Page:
7. Clueless — Costume designer Mona May
The skirts were short, the socks were over-the-knees and the computer program that mixed and matched Cher’s wardrobe was enviable! Goodness knows we have had many a day when, after the pain of the morning alarm clock wears off, we would have loved to have a computer choose our outfit for us! Plus, Cher’s line about her party clothes being “too binding” is priceless (and all too relatable!).
8. Pretty Woman — Costume designer Marilyn Vance
Like Audrey’s LBD, the red gown and white gloves worn by Julia Roberts in Pretty Woman have become iconic and synonymous with this classic film. Not to mention one of the best fashion film montages accompanied by the oh-so-fitting “Pretty Woman” by the legendary Roy Orbison and the unforgettable and glorious “I have to go shopping now” scene (after Julia’s character Vivian is initially turned away by snooty shopgirls).
Who was it that said looking good is the best revenge?
9. Scarface — Costume designer Patricia Norris
With her relentlessly plunging necklines, perfectly banged bob and shiny red lips, Michelle Pfeiffer’s Elvira Hancock has style for miles. Still referenced today in magazine spreads and by celebs alike (remember Rihanna’s red carpet look from this year’s Grammys?), the character’s entire look is glamorous and chic, with an edge.
The movie may be a titch on the violent side, but it’s Elvira’s ensembles that are truly killer.
10. Sex and the City — Costume designer Patricia Field
It’s no surprise that after its reign as the most fashionable show on television, that SatC the Movie would be assured a place on this list. We tuned in to the TV show so we could see not only what was happening in their love lives, but even more so to see what the girls would be wearing.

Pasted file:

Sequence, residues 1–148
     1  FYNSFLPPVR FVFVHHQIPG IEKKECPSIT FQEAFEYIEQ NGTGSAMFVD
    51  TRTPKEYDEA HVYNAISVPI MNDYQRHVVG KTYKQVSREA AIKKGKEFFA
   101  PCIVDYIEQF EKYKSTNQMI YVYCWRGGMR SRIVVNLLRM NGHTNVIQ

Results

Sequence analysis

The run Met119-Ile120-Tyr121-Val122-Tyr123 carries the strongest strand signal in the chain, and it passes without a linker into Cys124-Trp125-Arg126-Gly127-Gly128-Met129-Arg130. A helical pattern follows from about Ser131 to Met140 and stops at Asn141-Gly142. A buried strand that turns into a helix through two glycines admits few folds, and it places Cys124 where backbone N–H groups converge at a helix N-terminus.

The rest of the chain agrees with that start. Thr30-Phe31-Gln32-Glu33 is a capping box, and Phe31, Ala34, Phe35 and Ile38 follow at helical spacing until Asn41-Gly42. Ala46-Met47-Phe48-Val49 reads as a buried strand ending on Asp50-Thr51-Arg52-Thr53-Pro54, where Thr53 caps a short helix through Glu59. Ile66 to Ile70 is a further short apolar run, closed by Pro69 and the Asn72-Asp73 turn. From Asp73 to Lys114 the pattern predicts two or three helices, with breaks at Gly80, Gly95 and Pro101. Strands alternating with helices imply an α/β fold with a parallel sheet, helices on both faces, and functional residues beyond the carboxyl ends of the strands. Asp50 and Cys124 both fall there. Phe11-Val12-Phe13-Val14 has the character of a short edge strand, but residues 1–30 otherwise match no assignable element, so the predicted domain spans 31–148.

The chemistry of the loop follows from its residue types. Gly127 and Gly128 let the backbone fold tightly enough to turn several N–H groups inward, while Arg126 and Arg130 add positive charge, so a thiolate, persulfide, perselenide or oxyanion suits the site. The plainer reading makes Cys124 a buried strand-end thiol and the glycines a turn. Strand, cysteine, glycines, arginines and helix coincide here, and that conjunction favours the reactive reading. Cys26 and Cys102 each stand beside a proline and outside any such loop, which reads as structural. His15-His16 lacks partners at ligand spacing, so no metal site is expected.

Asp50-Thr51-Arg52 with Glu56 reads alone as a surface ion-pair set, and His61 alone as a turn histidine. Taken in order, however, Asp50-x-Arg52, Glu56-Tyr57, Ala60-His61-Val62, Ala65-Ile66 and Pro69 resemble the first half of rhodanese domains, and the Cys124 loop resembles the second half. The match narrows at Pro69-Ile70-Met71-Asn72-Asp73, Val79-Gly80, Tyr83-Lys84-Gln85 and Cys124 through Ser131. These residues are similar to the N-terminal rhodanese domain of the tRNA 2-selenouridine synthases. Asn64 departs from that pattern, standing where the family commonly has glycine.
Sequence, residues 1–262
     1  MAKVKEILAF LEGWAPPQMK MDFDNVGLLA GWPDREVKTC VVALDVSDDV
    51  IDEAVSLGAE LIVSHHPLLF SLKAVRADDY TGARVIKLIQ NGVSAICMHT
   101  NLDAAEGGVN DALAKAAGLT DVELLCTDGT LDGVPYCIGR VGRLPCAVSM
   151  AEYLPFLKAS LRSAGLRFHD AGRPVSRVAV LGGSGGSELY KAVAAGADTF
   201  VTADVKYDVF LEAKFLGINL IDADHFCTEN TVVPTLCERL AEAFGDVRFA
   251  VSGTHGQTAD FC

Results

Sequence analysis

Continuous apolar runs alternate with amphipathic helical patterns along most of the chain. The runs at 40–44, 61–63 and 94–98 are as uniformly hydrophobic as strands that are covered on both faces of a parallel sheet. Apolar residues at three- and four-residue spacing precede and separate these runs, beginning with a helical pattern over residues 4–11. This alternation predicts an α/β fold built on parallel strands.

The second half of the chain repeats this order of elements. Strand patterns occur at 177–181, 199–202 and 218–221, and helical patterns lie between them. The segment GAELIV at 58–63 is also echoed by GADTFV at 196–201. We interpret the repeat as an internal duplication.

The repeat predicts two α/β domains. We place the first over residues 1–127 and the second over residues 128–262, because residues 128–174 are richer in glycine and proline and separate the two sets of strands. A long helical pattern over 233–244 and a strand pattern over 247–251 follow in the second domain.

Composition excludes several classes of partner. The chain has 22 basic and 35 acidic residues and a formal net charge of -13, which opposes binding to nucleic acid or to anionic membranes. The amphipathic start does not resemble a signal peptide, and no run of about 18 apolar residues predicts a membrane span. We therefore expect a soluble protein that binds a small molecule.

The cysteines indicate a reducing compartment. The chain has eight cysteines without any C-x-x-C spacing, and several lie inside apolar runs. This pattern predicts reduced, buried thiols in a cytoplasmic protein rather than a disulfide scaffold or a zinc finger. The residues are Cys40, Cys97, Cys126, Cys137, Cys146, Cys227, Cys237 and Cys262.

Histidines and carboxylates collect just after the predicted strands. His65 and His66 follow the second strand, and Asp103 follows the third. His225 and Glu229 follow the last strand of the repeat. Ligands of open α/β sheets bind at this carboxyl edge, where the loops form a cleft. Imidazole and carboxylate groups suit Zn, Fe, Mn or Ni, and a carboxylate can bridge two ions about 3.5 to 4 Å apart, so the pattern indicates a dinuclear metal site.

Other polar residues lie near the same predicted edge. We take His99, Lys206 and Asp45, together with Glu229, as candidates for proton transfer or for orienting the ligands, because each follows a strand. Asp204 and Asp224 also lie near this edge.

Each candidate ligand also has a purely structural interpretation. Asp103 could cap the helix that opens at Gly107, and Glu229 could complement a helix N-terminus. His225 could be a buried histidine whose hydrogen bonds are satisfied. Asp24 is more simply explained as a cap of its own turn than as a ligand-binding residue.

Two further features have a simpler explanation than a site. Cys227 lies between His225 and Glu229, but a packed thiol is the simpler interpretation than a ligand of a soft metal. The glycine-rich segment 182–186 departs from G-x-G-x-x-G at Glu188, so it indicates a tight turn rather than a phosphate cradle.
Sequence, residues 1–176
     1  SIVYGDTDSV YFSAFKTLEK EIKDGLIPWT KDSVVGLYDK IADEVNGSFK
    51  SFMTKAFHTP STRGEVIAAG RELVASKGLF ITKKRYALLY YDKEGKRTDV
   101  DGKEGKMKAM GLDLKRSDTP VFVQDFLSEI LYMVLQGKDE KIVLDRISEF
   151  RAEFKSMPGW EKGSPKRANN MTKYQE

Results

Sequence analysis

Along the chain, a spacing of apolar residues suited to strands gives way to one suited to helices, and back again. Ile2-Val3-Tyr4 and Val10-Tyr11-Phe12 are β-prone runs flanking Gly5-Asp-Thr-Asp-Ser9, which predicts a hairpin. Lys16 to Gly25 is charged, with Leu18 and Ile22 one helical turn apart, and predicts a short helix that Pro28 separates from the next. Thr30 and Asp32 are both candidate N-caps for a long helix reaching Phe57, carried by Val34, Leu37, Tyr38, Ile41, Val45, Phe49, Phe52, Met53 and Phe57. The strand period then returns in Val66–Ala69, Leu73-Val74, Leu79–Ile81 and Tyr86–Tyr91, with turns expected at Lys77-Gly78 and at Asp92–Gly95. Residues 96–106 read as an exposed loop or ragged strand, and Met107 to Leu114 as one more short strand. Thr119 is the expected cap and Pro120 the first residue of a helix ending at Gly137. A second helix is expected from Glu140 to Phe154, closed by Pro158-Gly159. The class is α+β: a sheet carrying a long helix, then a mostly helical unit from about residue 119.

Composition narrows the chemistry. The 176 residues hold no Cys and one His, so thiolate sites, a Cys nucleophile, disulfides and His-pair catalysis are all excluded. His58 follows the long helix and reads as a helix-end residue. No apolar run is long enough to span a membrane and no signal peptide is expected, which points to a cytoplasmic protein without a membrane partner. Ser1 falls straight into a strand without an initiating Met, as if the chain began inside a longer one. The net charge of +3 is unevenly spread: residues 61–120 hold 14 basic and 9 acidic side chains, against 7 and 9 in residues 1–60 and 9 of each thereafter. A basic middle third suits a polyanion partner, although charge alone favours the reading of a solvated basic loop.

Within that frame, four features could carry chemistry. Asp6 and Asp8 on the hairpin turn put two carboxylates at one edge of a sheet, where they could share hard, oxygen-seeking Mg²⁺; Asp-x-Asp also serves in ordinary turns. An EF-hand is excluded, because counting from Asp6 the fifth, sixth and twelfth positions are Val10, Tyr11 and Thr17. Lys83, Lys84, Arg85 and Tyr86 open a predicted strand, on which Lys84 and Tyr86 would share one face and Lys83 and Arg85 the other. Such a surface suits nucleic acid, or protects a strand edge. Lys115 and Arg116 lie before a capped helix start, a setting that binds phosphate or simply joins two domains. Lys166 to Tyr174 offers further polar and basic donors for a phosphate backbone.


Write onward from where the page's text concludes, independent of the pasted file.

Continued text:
SatC was fashion forward and inspired many a trend, from the nameplate necklace, to the oversized flower pins to the never-ending parade of luxury shoes; we loved them all (even when we hated them). And when the fab four hit the big screen, we were there to see every dress, every accessory, and every dshoe. Natch.
BONUS – 11. Pret-a-Porter
Costume designer Catherine Leterrier with Jean-Paul Gaultier, Sonia Rykiel, Christian Lacroix, Thierry Mugler, Robert Altman’s foray into the world of fashion may have struck some people as a little too avant garde, but there’s no question that this is one of the great movies about the industry. Smart and at times irreverent, it is a look at fashion through the eyes of one of cinema’s all-time great directors.
Though some may consider “Breakfast at Tiffany’s” to be the quintessential fashion film, we think that, like most great collections of any art form, all these movies offer us such great fashion moments as a collective, as opposed to one being the clear ultimate fashion film. Like fashion itself, all these films feed off each other, the older ones inspiring the newer ones and the newer ones showcasing the older ones in a new light, from a modernized perspective.
So, why not get your friends together for a fashion film festival? Your closet (and quite possibly your soul) will thank you!